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‘Kisap Prtde’ | Editorial
The final lesson of the South Kitsap High School class of 2012 is one that is applicable to everyday life; review your work before turning it in.
The valuable lesson was presented in glowing color as students and educators began to notice, just before graduation ceremonies began Friday night, that the graduates’ medallions were misprinted. “It’s a Matter of Prtde,” was one and the manufacturer, Jostens, also left the t out of Kitsap.
The lesson of reviewing your work joins other adulthood saving tips such as “Look before you leap” and “Sniff your drink before you gulp it” and “Credit is not real money no matter what ‘they’ tell you.”
Reviewing your work could one day save your job. There is at least one opening in the Jostens company, if a young graduate showing attention to detail is willing to move to Minnesota.
We well know the pressures of deadlining work and then sending it to press hoping that it’s mistake free. Errors invade newspapers today at a greater rate than any time in the last half century. That reality, and the letters readers send in telling of our misprints, keeps us off the high horse on this subject because the reality is we have left entire words out.
Hopefully some matriculating student will save their misprinted medallion rather than trade it for the corrected copy to come at a later date. Graduates that do keep the minted mistake can place it next to another icon of their youth, the first printing of “Harry Potter and the Prisoner of Azkaban” in which the copyright page held the name Joanne Rowling instead of J.K. Rowling. The more literary of them could set the golden badge bearing mistakes next to the 1968 edition of Larry McMurtry’s “In a Narrow Grave,” which held so many errors that the edition bears one mistake in it’s cultural moniker, the “Skycrapper Edition” after a misspelling of skyscraper.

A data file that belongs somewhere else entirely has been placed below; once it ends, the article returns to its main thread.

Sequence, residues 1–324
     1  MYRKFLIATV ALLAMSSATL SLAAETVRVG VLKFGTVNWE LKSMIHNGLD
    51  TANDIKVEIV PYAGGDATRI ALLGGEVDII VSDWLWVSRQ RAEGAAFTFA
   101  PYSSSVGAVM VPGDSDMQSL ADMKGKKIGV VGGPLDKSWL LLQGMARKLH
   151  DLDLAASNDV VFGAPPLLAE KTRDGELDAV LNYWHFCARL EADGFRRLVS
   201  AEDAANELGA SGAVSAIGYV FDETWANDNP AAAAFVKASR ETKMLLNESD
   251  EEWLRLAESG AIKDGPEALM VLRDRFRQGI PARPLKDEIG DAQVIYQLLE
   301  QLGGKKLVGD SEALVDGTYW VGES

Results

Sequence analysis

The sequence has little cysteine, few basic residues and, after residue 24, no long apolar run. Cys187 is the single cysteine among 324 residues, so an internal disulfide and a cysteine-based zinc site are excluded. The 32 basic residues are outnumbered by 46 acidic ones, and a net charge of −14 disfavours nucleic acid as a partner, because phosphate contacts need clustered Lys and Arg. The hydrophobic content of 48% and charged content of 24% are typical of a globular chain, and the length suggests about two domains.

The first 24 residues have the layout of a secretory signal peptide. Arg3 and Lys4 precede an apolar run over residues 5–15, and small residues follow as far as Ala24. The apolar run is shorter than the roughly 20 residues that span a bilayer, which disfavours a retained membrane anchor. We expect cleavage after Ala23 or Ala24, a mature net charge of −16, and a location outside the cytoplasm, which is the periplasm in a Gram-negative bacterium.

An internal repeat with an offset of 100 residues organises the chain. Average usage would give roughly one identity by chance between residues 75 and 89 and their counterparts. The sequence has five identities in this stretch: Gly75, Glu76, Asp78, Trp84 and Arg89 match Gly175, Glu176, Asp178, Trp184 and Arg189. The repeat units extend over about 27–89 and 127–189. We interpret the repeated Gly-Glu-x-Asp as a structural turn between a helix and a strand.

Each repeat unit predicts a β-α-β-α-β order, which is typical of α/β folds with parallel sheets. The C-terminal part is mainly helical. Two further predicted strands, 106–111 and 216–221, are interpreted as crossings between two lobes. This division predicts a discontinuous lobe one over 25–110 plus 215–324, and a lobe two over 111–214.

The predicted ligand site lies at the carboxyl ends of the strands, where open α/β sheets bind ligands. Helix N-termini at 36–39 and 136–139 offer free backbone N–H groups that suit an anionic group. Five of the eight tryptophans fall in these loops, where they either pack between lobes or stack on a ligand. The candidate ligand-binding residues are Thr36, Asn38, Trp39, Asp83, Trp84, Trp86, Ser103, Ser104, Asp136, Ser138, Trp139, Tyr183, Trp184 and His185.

Few post enlightenment misprints can reach the significance of the 1631 edition of the King James Bible wherein the seventh commandment reads “thou shall commit adultery.”
Though the South Kitsap High School medallions may never reach the value of misprinted 1918 2 cent U.S. postage stamp known as the “Inverted Jenny,” one of which sold for $977,500 in 2007, the medals have the potential to serve students as a reminder to review their work before turning it in.